This is the 1st article in our 5 part series about advisory boards. The 2nd explains why you may have an advisory board, the 3rd discusses how to select the board, the 4th explains the difference from a Board of Directors, and the 5th explains the legal documents required.
Perspective, judgment and vision are three skills that will set a business leader apart. As a busy owner of a new business, you are required to focus on the day-to-day operations. How can you get big-picture advice?
Smart new businesses are appointing advisory boards, to benefit from the wisdom of a panel of independent experts, without the formality or the risk of appointing directors.
What is an advisory board?
An advisory board is an informal panel of people who give non-binding strategic advice to the owners and founders of a business.
Who can be on the advisory board?
Advisory board members can be from any industry and any level of experience. It is up to the founders(s) who you choose.
It is wise to choose people who can assist you to grow your business. This may be because they have built their own successful business, or because they can introduce you to companies and people that you can do business with to grow your business.
It is sensible to choose people with different skills and different perspectives to you and your co-founders.
How many members?
You want sufficient members to get a suite of advice, but not so many members that the advisory board becomes unwieldy, with too many differing opinions, or because it is administratively difficult to find a time to meet. Having 2 to 4 advisors may suit a smaller business, and this can expand if needed.
What are the costs?
The members of the advisory board are generally not paid in cash. If you have a good relationship with the advisors, they may be willing to act for free. Other advisors maybe willing to be on the advisory board if they see a strategic relationship between your and their business, for example cross-referrals. If there are particular advisers that you want on the advisory board, you may offer them a small amount of equity. If you do this, it is wise to have a contract in place that sets out the rights and obligations of the advisory board member, and what shares they will receive.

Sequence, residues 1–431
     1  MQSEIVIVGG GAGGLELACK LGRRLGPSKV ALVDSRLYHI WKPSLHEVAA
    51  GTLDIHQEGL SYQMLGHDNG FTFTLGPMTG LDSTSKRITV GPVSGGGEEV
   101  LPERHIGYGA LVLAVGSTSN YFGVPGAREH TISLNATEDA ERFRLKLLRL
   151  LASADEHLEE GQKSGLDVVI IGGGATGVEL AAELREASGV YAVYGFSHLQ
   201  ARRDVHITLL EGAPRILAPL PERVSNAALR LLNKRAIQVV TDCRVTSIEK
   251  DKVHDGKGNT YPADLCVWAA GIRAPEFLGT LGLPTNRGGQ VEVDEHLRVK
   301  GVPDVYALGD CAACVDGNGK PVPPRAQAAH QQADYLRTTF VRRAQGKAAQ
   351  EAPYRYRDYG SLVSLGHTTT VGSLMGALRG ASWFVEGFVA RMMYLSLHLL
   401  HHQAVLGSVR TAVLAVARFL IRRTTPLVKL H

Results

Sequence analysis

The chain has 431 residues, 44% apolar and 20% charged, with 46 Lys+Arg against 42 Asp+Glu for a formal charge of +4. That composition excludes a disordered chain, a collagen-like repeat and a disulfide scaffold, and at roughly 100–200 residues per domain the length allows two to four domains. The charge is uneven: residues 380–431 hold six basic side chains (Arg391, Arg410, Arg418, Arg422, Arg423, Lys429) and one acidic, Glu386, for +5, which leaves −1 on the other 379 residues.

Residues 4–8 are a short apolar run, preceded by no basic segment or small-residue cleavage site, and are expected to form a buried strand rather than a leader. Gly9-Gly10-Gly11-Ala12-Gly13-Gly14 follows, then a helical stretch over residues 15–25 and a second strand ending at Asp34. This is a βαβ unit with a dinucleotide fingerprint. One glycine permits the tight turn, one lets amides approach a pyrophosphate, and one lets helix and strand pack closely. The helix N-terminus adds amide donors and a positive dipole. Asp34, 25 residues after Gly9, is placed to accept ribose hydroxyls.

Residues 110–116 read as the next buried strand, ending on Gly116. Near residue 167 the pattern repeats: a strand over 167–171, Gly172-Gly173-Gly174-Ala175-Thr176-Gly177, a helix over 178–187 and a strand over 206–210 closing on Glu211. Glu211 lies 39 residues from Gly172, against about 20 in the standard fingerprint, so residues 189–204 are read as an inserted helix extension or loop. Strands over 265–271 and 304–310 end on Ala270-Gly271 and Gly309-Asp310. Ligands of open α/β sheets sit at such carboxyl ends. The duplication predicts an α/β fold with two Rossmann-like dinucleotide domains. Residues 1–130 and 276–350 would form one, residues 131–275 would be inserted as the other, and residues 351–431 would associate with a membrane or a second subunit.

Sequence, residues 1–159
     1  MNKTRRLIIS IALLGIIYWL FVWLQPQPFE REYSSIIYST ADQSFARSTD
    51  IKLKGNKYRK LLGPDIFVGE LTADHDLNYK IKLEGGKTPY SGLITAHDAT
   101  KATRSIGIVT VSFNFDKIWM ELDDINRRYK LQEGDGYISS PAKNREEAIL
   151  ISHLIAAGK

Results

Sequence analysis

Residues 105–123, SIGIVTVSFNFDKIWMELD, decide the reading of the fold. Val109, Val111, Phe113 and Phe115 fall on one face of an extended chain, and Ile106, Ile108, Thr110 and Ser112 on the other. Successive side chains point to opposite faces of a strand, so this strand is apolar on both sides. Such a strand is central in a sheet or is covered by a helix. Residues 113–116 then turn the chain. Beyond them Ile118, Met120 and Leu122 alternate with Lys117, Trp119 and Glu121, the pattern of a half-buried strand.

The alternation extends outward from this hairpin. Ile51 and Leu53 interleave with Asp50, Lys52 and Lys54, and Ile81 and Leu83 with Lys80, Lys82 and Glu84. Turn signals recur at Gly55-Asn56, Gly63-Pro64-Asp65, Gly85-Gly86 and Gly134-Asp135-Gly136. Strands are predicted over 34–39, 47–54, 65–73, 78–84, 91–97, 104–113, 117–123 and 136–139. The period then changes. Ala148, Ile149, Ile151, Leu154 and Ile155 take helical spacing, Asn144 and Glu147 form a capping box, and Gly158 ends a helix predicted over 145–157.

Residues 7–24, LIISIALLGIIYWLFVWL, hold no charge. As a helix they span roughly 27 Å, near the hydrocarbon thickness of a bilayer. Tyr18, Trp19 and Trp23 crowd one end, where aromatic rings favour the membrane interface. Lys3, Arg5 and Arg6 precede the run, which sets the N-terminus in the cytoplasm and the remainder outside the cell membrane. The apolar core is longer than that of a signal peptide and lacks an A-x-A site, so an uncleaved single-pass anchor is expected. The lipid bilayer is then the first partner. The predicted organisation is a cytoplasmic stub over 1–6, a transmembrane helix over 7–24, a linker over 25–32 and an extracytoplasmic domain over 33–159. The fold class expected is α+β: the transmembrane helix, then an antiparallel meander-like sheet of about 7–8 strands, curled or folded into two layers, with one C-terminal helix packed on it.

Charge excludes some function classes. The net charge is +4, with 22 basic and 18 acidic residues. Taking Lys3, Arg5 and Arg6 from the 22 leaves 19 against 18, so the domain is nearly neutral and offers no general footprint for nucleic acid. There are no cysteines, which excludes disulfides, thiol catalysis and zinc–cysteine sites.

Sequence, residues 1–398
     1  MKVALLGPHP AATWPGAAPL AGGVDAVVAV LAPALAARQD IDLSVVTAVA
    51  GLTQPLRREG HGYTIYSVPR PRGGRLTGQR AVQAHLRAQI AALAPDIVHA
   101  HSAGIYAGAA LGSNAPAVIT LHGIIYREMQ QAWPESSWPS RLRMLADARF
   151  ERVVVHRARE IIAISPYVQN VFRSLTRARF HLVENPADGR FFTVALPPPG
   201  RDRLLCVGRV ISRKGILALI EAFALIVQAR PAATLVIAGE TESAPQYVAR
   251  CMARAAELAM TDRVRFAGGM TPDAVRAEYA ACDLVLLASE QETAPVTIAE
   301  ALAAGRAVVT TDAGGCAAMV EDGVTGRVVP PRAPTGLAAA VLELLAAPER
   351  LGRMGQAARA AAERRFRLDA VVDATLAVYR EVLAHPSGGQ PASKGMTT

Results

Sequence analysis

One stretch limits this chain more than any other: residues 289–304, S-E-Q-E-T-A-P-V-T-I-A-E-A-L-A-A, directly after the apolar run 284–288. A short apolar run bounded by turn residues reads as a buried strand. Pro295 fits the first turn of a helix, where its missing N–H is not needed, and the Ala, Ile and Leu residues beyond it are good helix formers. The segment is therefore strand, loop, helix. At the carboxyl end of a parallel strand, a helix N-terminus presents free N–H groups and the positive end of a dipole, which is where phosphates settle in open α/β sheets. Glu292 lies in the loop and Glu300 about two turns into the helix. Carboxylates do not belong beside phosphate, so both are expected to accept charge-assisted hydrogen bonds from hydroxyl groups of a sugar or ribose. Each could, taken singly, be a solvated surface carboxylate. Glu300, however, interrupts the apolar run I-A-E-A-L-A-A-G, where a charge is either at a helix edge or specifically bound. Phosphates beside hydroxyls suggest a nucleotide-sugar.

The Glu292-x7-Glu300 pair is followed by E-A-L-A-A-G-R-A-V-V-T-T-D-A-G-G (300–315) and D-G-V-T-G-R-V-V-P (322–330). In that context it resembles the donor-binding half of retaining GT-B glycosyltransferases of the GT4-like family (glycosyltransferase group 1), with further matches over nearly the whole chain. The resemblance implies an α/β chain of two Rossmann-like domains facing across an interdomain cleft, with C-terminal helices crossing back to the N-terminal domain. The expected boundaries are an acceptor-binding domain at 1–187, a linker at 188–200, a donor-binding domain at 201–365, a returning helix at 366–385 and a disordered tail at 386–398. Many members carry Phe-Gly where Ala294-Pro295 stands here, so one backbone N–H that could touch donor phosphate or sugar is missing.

The key legal cost is a well-drafted Advisory Board Agreement to set out the roles, expectations, and legal protections for the advisory board members. This benefits both the company and the advisors.
How often will the advisory board meet?
It is important to meet regularly to keep your focus and the advisor’s interest. Quarterly meetings are common.
How long will the advisors be involved?
You need your advisory board members to commit to a period to be able to get to know your business and add value. A 2 to 3 year period is common.
In conclusion, an advisory board is relatively easy and inexpensive to set-up, and could provide significant benefits in keeping you and your co-founders accountable and inspired. If you would like one of LegalVision’s experienced commercial solicitors to help you draft an Advisory Board Agreement
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